And what of Pretty Boy?  Standing there on the threshold of life, arms widespread to embrace every passing experience with greedy delight, what is  his story?   What about sassy Madame P herself, running her flourishing little hotel perched on the rocks overlooking Unawatuna Bay?  And M.H.A.G, hajji and trader; many fingered Krishna; handsome Rohanne, what about the entrepreneurial and proud diver from Dodanduwa; unreliable Raja; hopeful Lal.  What ignites the carefree laughter and breath-catching sex appeal of Nishin?  Or sustains the ever ebullient Abeywickrama, or the woman I met, making her way home with her daughter in the dusk.  Why was it those two frail humans walked two hours each way, every day, to tend a small plot of land they had scratched out of the thorny scrub?  And what about R – the young cricketer I met on the Matara train – who somehow conjured happy discourse from peevish, sweaty discomfort; what was his story?

I was privileged to share meals and conversations with the devout MHAG and his family.  His friendship over the years has always given me a potent reminder of the need to be forever vigilant against prejudice and misunderstanding, for my first impression, catching him at his morning calisthenics on the walls of Galle Fort that time, was far from commendable, on my part.  Yes, I took one look at the boundless machismo radiating from the vital, but ageing body of this Muslim gentleman, and immediately characterised him as a show-off.  But this was the fabled isle of Serendib, and within hours of that early morning encounter, there I was, with my husband, having our first home-cooked Sri Lankan meal, in a Sri Lankan house, with a Sri Lankan Muslim family.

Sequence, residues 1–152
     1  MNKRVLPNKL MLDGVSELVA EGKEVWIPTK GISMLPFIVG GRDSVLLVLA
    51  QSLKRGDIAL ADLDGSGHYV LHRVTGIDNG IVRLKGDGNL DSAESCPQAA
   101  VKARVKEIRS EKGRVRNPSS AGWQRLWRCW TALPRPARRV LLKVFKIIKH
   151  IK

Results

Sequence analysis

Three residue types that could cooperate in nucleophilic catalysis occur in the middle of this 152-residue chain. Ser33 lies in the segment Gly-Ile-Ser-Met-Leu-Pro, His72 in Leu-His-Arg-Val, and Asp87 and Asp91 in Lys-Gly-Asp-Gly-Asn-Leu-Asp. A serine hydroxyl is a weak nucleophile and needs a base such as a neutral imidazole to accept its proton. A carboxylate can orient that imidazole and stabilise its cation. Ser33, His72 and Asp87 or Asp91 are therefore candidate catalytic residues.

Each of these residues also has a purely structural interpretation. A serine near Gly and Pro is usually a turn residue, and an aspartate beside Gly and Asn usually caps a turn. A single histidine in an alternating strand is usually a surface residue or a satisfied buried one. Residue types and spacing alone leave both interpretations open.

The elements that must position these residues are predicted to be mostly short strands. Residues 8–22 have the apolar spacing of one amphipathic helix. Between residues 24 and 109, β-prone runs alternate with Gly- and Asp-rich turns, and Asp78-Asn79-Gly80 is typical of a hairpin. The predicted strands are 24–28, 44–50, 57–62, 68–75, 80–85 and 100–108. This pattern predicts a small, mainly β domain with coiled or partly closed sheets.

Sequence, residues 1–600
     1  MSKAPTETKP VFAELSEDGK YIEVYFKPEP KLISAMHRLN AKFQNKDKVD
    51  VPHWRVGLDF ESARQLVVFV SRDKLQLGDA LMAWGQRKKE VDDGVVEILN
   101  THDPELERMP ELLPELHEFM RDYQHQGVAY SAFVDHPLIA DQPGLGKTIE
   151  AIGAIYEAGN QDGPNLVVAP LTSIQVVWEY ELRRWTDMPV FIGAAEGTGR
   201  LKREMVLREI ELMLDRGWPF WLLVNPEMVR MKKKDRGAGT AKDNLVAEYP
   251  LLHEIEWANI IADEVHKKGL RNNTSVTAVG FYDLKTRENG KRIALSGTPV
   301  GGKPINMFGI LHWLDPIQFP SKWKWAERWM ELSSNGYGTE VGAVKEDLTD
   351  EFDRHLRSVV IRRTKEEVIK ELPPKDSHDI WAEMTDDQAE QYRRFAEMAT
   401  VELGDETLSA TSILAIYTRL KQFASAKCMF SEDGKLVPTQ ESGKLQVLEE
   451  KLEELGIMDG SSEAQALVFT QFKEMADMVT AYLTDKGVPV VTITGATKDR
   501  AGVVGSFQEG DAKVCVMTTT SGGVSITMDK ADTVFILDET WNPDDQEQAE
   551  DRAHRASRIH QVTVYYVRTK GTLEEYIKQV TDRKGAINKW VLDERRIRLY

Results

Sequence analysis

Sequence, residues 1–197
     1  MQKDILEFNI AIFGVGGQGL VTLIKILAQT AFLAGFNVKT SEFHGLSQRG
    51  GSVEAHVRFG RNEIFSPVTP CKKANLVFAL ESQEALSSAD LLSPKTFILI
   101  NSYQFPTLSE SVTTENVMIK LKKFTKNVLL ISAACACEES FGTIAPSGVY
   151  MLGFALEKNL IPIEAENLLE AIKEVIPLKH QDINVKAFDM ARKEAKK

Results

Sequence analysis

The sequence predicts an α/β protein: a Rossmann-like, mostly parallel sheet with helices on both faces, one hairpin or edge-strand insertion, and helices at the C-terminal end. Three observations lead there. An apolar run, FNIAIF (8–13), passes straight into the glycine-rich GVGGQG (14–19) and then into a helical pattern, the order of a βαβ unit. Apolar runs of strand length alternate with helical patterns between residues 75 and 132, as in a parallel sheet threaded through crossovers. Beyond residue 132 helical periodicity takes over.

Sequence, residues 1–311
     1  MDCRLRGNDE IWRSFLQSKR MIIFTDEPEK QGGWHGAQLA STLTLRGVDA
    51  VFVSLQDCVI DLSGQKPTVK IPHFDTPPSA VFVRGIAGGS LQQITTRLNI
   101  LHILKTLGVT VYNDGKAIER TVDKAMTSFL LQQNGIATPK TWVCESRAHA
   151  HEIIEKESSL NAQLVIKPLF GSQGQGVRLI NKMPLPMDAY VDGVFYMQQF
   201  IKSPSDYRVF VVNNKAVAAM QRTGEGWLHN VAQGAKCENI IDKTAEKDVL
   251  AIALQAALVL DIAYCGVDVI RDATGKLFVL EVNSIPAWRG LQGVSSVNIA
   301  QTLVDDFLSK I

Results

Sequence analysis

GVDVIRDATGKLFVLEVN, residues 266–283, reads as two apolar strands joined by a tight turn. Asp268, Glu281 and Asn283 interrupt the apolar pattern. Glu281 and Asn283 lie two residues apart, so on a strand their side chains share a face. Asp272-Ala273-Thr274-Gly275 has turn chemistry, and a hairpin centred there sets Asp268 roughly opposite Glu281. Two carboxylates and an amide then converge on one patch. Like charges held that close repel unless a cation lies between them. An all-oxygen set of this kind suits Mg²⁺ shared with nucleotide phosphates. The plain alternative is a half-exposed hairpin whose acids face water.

And so I came to delight in the piquant flavour that G and his community gave to the streets of the old city.  I would relish the glimpses I caught of high school girls dashing from shady verandas to the waiting privacy of a covered cart, and the rhythmic chanting of the boys reciting the Koran at the Madrasa, down by the lighthouse.  But most of all, I loved to watch as a veil was deftly, discreetly, drawn across face and shoulder, passing strangers in the street.

At the time I was disappointed not to have met more women, especially those like self-reliant and accomplished Madame P.  Necessity, and vigorous doses of self-confidence and determination, had freed this dashing black-eyed woman from cultural restraint.  While she would have been at home in the boardrooms of Pitt Street, here she was, joyfully replenished by the eternal peacefulness of her beloved place on earth.

Slowly, imperfectly, I began to learn the stories and before I realised, I’d been enchanted by the people of Paradise. For the first time in years – years – I was more interested in other people’s stories than my own, and it mattered to me that I didn’t know their stories, that they were made opaque by cultural difference.  I wanted to know, to understand these people’s lives.

That was before, back in December, 1992.

  • I must credit my Sinhala teacher, Michael Myler (www.mirisgala.net) and his friend, the artist Linda Gill, whose lovely akuru card for “B” (in this case, B as in Bodhi leaf) appears above.

33 thoughts on “Where “B” was Before

  1. This is as dense as it is lovely. It reads like a long tone-poem. Your descriptions are lush without being fussy. I’m going to re-read this a lot to see how you manage all that. Really well done.

  2. Beautifully written! Your love for your adopted home shines through! You must be so grateful for the serendipity that brought you here! (Couldn’t resist that :-))